• 1000 CHF of CHSPI (ETF Leader): 11.75 CHF at SQ, 3.60 CHF at IB
  • 10’000 CHF of CHSPI (ETF Leader): 18.5 CHF at SQ, 9.20 CHF at IB
  • 1000 CHF of Nestlé (SIX): 20.75 CHF at SQ, 3 CHF at IB
  • 10’000 CHF of Nestlé (SIX): 37.50 CHF at SQ, 6.50 CHF at IB
  • 1000 USD of VT (NYSE): 26.5 USD at SQ, 0.35 USD at IB
  • 10’000 USD of VT (NYSE): 45 USD at SQ, 0.37 USD at IB

We can observe a few important when comparing the fees of Swissquote vs Interactive Brokers.

  • For ETF Leaders, Swissquote is relatively affordable, but still twice more expensive than IB.
  • For Swiss shares, the difference is already more pronounced, about 5 times more expensive on large operations.
  • For US shares, Swissquote is much more expensive than IB, more than a hundred times.

If you want to buy something in a foreign currency, you will need to convert from your base currency, for instance, from CHF to USD. Interactive Brokers will charge you 2 USD per currency conversion. Swissquote will charge you 0.95% for each currency conversion.

Let’s compare the fees of Swissquote vs Interactive Brokers for a few conversions:

  • 100 CHF to USD: 2 USD at IB, 0.95 CHF at SQ
  • 1000 CHF to USD: 2 USD at IB, 9.5 CHF at SQ
  • 5000 CHF to USD: 2 USD at IB, 47.5 CHF at SQ

For currency conversions, Interactive Brokers will generally be much cheaper than Swissquote. Only if you convert less than 200 CHF will IB be more expensive than SQ.

Overall, Interactive Brokers is significantly cheaper than Swissquote. The difference will not be critical if you only invest in Swiss ETFs. However, the difference can be significant if you primarily use US ETFs.

Safety

If you invest a significant amount of money with a broker, you want your money to be safe. So, we must compare the safety and regulations of Swissquote vs Interactive Brokers.

Let’s start with the regulations. Swissquote is regulated in Switzerland by the Swiss Financial Market Supervisory Authority (FINMA). Interactive Brokers is regulated in the US by the Security Exchange Commission (SEC) and in the UK by the Financial Conduct Authority (FCA). So, both brokers are regulated by well-respected supervisors.

Both brokers segregate the money from the customers from their main entities. So, if they default, the creditors will have no claim on the money from the customers.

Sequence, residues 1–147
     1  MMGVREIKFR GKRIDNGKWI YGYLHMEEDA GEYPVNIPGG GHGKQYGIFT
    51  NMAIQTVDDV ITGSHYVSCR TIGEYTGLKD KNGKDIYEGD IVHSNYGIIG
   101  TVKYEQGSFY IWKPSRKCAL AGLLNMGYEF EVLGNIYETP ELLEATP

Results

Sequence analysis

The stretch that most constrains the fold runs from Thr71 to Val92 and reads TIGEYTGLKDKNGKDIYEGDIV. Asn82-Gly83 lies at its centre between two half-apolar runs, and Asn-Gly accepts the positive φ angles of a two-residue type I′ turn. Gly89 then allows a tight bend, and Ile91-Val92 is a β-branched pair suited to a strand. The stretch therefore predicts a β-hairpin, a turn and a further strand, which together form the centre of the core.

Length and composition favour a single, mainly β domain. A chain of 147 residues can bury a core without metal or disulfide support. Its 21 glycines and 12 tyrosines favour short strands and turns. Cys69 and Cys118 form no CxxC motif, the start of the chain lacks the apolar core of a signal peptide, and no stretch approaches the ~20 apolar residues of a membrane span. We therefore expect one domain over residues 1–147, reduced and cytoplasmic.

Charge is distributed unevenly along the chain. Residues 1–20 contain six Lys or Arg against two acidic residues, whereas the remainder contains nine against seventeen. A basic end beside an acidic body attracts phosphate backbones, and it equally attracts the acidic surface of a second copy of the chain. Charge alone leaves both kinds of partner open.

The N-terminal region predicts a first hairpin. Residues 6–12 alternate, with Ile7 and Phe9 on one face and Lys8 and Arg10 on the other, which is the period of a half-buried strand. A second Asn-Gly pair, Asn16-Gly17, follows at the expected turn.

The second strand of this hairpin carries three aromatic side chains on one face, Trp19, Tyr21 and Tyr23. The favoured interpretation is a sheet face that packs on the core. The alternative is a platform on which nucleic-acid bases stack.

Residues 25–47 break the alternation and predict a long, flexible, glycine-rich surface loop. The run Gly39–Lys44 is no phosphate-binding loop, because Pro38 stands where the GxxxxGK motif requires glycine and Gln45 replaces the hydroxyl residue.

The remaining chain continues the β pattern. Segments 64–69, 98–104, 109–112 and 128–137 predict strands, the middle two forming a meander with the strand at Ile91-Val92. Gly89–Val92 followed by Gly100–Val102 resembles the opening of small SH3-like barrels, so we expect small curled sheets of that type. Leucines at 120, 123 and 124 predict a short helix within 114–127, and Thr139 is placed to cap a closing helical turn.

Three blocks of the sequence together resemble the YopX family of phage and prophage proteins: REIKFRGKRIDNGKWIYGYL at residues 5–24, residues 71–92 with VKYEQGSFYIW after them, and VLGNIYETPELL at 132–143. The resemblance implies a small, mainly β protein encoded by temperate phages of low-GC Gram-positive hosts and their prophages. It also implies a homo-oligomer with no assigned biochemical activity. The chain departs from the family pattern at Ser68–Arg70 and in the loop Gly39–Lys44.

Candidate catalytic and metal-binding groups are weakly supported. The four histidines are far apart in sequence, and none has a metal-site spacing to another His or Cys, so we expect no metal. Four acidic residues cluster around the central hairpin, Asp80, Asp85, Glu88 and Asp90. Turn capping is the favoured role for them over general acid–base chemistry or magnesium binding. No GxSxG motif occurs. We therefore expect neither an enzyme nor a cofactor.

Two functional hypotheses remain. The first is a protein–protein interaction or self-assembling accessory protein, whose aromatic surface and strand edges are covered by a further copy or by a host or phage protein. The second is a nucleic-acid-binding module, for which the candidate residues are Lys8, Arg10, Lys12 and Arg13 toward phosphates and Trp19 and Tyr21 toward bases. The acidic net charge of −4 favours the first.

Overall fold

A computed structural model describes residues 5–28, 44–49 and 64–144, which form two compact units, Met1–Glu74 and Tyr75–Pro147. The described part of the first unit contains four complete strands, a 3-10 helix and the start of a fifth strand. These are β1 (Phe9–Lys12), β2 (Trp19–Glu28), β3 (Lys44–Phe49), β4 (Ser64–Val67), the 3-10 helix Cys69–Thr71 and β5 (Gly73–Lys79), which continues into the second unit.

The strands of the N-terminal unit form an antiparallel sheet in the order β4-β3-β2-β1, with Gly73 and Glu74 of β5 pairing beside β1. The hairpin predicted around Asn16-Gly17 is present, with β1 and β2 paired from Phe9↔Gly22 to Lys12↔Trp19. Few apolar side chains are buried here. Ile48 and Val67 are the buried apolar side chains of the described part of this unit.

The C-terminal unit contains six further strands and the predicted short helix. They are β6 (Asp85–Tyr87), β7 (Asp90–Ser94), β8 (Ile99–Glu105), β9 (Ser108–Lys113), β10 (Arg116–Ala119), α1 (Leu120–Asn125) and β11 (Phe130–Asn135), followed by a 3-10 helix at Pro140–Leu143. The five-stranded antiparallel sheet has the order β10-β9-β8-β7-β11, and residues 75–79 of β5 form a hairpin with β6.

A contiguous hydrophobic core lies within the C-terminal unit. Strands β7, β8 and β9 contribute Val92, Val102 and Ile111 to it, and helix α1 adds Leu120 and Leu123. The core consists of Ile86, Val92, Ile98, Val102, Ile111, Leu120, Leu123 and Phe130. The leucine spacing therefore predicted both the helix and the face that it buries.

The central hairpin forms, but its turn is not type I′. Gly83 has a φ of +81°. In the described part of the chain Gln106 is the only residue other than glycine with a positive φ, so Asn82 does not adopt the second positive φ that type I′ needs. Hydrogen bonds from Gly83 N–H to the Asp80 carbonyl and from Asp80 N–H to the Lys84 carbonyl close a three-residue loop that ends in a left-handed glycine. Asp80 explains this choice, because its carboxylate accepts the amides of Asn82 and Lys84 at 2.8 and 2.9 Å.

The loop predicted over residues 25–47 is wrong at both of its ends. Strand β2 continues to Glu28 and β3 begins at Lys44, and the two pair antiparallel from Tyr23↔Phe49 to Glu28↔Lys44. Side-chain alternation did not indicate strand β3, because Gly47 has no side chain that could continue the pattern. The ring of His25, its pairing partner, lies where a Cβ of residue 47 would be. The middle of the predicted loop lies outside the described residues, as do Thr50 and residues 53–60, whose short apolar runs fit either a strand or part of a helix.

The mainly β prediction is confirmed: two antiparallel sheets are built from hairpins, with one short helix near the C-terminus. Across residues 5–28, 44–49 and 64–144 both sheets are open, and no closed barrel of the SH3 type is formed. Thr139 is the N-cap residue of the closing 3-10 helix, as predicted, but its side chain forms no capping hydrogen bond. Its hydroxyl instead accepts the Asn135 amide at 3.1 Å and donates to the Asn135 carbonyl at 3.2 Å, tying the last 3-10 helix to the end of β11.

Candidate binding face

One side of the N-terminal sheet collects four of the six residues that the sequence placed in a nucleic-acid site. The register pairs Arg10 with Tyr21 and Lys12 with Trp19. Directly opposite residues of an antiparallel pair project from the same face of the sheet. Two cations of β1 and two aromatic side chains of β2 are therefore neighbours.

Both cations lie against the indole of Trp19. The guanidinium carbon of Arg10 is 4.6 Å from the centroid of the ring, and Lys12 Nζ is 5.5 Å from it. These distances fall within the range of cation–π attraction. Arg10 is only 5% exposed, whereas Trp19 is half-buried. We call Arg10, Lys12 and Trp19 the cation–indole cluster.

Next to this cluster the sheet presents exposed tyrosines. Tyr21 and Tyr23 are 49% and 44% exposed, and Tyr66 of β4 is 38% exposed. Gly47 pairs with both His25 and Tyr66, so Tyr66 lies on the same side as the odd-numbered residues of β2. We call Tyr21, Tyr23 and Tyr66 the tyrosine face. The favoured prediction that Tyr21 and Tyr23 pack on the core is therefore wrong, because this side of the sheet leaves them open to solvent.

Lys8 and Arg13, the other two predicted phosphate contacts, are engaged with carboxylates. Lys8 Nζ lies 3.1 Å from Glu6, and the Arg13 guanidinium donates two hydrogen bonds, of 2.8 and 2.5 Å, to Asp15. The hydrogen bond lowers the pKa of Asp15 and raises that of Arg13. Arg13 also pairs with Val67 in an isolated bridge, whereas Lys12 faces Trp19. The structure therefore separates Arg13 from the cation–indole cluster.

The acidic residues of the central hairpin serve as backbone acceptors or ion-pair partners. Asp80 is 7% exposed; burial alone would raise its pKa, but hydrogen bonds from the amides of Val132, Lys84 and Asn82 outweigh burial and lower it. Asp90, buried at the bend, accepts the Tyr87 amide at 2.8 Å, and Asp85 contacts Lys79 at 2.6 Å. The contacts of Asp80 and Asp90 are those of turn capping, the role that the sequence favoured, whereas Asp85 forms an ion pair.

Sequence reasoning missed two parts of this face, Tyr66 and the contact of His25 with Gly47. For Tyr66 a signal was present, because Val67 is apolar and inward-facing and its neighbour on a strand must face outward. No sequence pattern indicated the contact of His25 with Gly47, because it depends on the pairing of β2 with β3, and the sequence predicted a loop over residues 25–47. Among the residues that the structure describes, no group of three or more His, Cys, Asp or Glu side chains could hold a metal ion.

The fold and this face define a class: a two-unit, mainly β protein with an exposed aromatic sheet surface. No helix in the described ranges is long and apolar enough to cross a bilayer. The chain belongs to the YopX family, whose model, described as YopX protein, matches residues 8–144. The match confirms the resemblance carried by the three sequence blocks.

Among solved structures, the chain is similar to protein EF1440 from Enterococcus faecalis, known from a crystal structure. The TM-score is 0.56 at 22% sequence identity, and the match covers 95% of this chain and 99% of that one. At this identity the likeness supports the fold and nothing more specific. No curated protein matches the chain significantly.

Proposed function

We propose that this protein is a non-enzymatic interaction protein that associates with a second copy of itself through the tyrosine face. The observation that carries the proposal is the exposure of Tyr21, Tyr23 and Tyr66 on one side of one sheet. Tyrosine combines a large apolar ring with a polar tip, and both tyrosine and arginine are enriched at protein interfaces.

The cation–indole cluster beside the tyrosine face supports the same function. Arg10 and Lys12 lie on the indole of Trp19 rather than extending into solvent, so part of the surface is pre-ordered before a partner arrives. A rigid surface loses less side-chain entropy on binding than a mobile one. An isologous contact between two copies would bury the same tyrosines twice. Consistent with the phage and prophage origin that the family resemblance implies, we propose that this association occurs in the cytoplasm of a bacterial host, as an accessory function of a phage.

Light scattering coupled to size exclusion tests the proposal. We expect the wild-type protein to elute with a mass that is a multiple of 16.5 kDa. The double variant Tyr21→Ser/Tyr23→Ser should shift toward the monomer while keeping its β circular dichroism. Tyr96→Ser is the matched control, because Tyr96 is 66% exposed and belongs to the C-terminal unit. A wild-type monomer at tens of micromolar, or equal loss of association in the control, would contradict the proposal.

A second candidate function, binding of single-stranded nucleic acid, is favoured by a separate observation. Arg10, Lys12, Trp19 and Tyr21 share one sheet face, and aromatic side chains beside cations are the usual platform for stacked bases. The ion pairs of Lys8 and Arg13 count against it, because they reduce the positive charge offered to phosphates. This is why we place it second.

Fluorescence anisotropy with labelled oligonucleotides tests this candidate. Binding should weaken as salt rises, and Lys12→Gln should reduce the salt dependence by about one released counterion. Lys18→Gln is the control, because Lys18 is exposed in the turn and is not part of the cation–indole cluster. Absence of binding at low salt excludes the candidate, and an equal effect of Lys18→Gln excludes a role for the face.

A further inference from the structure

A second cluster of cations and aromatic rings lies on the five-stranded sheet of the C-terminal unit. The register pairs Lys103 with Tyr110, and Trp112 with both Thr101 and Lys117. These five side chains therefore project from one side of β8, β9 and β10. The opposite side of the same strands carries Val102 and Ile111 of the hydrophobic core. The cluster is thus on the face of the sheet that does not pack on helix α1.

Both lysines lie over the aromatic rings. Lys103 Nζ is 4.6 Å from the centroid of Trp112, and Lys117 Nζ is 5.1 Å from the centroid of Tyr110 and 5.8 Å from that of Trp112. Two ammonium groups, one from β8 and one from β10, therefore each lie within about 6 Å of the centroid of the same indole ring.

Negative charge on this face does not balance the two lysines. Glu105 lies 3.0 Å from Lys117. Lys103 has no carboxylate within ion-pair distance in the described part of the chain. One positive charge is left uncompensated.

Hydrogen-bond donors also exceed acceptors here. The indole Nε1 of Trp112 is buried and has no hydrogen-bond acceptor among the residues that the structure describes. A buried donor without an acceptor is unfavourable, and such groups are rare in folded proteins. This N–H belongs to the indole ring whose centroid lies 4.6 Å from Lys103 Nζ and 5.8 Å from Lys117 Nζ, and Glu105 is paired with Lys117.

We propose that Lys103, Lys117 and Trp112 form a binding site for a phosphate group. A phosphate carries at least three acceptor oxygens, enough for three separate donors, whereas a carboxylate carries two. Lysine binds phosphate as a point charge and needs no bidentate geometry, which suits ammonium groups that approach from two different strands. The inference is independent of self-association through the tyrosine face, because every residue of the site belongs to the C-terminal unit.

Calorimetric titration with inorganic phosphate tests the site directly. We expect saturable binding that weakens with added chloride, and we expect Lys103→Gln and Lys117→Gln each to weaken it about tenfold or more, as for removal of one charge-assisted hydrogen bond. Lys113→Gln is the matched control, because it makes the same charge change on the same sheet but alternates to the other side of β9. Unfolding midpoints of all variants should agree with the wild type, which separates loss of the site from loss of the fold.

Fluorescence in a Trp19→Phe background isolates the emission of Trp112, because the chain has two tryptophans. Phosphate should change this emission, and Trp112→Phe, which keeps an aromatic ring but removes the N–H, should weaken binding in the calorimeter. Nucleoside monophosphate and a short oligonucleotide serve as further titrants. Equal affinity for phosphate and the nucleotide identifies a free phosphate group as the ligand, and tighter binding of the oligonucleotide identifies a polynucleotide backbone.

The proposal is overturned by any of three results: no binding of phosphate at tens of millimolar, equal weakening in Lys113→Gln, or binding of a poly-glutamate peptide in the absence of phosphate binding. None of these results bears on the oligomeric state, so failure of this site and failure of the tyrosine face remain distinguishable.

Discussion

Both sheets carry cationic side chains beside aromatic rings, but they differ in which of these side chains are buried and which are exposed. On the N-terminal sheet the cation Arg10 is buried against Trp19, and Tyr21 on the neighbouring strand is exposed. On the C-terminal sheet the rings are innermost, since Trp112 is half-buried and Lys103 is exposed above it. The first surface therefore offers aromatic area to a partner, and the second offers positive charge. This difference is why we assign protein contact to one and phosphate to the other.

In case of bankruptcy, in theory, all your assets should be safe since everything is separated from the entity itself. If one of the custody banks defaults, your cash has an extra level of protection. For Swissquote, your cash is protected by esisuisse for up to 100’000 CHF. With IB, your cash, stocks, and bonds will be covered by SIPC for up to 500’000 USD (250’000 USD limit for stocks).

If you have a lot of cash, protection will get even better since they will use multiple custody banks, and each bank will get protection up to 250’000 USD. You need to opt for the Insurance Bank Deposit Sweep program. So, in theory, your cash is safe at IB for up to 2.5 million USD. But this should not be the case for most of my readers.

The fact that both brokers are publicly-listed companies lends credibility to these two companies.

Regarding technical security, both brokers seem to be doing everything they need. I have not found any information about data leaks or security breaches. They both offer second factors of authentication, which is extremely important.

Swissquote will likely be easier to deal with in case of an issue since they are based in Switzerland. It may be harder to deal with serious issues with IB, given the more limited access to their customer service.

Overall, both brokers are among the safest stock brokers available. I have a significant amount of money in my IB account and feel safe with it.

Reputation

Reputation is also an essential part of choosing a broker. This tells a lot about what users think about the services. So, let’s see what users think of Swissquote vs Interactive Brokers.

In both cases, these brokers have an excellent overall reputation. I have never heard of massive issues with these brokers.

On TrustPilot, both brokers get similar scores with 3.3 stars for IB and 3.2 for Swissquote. For both services, people complain about the customer service. While this is not a great sign, this is the case for almost every service I have reviewed.

On Interactive Brokers, people complain about how it is sometimes complicated to use it. And on Swissquote, people complain about the high fees.